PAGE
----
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jib, or whatever the high thing is called, made friends with the engineers, and tooted on the Captain's speaking trumpet, she'd have been in such a state of rapture.

"It was all heavenly, but I was glad to see the Irish coast, and found it very lovely, so green and sunny, with brown cabins here and there, ruins on some of the hills, and gentlemen's country-seats in the valleys, with deer feeding in the parks. It was early in the morning, but I didn't regret getting up to see it, for the bay was full of little boats, the shore so picturesque, and a rosy sky over head; I never shall forget it.

"At Queenstown one of my new acquaintances left us,—Mr. Lennox,—and when I said something about the Lakes of Killarney, he sighed, and sung, with a look at me,—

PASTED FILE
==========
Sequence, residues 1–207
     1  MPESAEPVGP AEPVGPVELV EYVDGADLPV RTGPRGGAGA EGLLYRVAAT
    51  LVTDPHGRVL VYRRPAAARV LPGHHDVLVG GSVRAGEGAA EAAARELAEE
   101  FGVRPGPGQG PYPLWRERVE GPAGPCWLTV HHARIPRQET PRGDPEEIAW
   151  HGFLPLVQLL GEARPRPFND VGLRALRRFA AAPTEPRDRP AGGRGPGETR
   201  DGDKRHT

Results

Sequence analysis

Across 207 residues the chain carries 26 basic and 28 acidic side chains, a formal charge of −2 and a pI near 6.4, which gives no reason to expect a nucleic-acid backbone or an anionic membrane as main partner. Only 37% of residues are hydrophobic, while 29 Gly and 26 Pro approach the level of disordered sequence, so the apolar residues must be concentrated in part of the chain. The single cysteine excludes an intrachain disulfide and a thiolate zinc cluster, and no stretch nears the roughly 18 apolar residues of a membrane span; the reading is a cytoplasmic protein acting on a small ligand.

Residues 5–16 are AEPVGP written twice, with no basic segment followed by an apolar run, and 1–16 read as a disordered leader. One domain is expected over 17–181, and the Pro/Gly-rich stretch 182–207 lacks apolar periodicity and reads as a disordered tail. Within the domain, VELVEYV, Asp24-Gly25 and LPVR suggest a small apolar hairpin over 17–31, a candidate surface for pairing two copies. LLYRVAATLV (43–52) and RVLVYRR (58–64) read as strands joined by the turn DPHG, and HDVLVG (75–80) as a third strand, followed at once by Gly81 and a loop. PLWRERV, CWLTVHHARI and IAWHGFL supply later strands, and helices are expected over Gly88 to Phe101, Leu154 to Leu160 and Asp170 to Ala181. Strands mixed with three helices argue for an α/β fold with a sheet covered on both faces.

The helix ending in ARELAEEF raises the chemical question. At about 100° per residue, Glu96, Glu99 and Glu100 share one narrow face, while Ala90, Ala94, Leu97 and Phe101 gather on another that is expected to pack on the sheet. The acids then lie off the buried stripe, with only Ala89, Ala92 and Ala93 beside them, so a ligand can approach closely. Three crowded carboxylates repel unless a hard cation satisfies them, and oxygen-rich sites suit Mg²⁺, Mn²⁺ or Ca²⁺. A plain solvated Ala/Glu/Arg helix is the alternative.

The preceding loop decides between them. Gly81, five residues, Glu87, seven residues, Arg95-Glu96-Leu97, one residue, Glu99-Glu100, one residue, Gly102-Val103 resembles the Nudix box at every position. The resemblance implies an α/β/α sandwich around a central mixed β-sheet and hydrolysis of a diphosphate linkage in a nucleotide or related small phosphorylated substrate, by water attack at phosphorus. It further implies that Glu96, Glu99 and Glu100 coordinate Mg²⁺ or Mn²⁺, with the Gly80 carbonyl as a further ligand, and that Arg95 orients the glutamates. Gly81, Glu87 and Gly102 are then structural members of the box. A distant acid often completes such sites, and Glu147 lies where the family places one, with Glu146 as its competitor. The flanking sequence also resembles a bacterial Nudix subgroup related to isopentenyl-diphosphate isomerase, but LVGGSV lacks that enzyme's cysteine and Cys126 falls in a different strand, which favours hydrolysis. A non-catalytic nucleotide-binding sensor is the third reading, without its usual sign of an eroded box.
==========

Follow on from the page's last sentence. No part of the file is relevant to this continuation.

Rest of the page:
'Oh, have you e'er heard of Kate Kearney,
She lives on the banks of Killarney;
From the glance of her eye,
Shun danger and fly,
For fatal's the glance of Kate Kearney.'

Wasn't that nonsensical?

"We only stopped at Liverpool a few hours. It's a dirty, noisy place, and I was glad to leave it. Uncle rushed out and bought a pair of dog-skin gloves, some ugly, thick shoes, and an umbrella, and got shaved à la mutton-chop, the first thing. Then he flattered himself that he looked like a true Briton; but the first time he had the mud cleaned off his shoes, the little boot-black knew that an American stood in them, and said, with a grin, 'There yer har, sir, I've give 'em the latest Yankee shine.' It amused uncle immensely. Oh, I must tell you what that absurd Lennox did! He